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Union, Multitude and Community: Social Movements and Forms of Political Autonomy in Bolivia

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Chapter Summary

Bolivia is a country marked by the fragility of its institutional structures and its marginal position in the international setting. As a result of the socio-economic cataclysms, powerful and radical structures of social self-organisation have re-emerged, putting an end to the brief period of neoliberal legitimacy developed over fifteen years with the state-inflicted disruption of old forms of popular aggregation (unions), the moral collapse of the subaltern and a cultural industry of liberal consecration, which incorporated a wide range of disheartened ideologues and intellectuals. This chapter discusses characteristics of these emerging forms of social self-organisation, comparing them to the old union-form, examining the conditions that make them possible and their historical potential. Nations are social, territorial and cultural frontiers that exist first in the heads of fellow nationals, and which have the strength to become objectified in material and institutional structures.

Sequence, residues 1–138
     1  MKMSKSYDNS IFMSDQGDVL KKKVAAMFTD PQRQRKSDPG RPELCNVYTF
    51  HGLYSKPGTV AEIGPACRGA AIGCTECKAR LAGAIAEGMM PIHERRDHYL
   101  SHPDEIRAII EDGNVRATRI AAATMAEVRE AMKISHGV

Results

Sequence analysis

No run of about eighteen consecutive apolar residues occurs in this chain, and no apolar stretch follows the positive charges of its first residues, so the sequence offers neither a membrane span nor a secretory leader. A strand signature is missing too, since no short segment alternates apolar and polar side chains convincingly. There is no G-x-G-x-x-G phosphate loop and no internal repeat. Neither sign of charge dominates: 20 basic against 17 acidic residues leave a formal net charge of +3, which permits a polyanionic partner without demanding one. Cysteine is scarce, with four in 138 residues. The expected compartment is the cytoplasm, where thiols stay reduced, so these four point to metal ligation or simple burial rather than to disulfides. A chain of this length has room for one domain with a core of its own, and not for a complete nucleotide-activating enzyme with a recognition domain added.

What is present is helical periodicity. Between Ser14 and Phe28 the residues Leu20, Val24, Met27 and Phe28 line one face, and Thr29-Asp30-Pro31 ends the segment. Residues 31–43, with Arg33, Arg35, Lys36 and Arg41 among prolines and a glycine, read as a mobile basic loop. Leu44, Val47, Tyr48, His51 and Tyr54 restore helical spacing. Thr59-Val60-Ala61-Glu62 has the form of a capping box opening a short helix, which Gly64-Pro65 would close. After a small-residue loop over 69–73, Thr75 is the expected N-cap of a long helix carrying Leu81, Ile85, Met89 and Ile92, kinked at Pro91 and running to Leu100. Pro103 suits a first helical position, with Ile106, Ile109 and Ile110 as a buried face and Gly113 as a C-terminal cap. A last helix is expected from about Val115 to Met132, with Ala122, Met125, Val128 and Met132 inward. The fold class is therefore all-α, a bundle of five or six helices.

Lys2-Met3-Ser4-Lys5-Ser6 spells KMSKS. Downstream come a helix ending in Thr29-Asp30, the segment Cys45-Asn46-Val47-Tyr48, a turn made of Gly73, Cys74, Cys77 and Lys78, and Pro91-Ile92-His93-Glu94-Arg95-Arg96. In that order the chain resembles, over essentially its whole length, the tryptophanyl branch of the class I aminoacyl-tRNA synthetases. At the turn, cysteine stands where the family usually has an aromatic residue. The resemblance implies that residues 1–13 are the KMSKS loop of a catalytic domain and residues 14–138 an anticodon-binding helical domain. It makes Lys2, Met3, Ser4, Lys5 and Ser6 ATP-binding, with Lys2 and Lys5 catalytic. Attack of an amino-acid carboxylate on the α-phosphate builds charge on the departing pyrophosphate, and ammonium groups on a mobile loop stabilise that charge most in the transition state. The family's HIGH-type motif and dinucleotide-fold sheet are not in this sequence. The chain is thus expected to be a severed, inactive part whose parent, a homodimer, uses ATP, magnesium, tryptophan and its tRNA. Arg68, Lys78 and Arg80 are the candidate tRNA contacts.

Keywords: Bolivia; liberal reforms; social classes; social movements; social self-organisation



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